Wrigley bars reluctantly agree to 7th inning alcohol break

Bar owners around Wrigley Field are going along with the city’s new seventh inning break rule for the Cubs’ upcoming playoffs, but they may not be doing so willingly.

Heather Way, executive director of the Lakeview Chamber of Commerce, says many business owners fear retribution from the city through inspections or the loss of liquor licenses.

“They’re going along with it, but I think they’re just hesitant to go against anything coming from downtown,” Way says.

Ray Orozco, executive director of the Office of Emergency Management and Communication, says there’s no reason for business owners to be afraid.

“Obviously, we’re not going to do anything to anyone who doesn’t do this,” Orzco says, “but my understanding is that as of right now today and a meeting we had yesterday, we have 100 percent cooperation.”

The city announced the agreement today, along with other measures to increase security surrounding the playoff games. Bars complying with the new seventh inning break would mirror the actions of the ballpark itself – not serving alcohol from the end of the seventh to the ninth inning. The plan would only apply to home clinch games during the rest of the playoff season.

Bars can resume serving alcohol if the clinch games go into extra innings, officials say.

Way says the agreement creates problems -- it will cost bar owners money and could promote binge drinking among fans.

“You’ll have waitstaff standing around with nothing to do -- not serving, not making money,” she says.

City officials say they are not worried that the two-inning ban will promote binge drinking.

Alderman Tom Tunney (D-44) says the bars know how to handle fans.

“They know how to run their establishment. They know how to serve alcohol properly,” Tunney says.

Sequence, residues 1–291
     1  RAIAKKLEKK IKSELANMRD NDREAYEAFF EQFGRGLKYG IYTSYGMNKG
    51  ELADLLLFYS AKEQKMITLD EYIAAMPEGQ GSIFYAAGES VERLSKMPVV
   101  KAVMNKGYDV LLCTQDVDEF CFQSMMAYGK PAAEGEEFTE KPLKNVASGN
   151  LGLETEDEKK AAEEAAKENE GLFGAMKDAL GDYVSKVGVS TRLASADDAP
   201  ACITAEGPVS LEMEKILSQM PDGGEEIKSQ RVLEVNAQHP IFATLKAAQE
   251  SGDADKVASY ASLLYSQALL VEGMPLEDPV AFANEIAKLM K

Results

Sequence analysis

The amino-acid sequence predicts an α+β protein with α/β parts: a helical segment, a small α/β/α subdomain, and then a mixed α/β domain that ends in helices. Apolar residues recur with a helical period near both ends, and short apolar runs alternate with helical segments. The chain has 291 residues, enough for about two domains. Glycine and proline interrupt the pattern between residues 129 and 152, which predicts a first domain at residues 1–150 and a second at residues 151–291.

She also said the agreement was a surprise to businesses and the Chamber of Commerce, both of whom are used to dealing with the city in the annual pre and post season meetings. Way said nothing about the new regulation was mentioned at these meetings.

Orozco said they have been working with the bars and restaurants for weeks.

Way says she thinks the haste is due to the city’s bid for the Olympics.

“I think that it’s a way to prove that we can handle large crowds if we get the Olympics,” Way says.

In addition to the break, the 23rd district will be increasing police presence on the streets and creating a unified command post at Clark and Waveland.

“We have a track record. We’ve done this in 2003 and in the past,” Deputy Police Chief Bruce Rottner says,  “Chicago sports teams don’t win very often, but when they do, it’s been in here in Chicago.”

The Cubs will play Game 1 and 2 of the National League Division Series at home. Game one begins at 5:30 p.m. today at Wrigley Field. 

Discuss

MATT BARON, 10-28-2008

Cubs made sure this wasn't an issue for long!

HENRI IDROVO, 01-02-2009

I don't live in Wrigleyville or hang out there much, but was it that dangerous or rowdy to begin with? How necessary was this ban?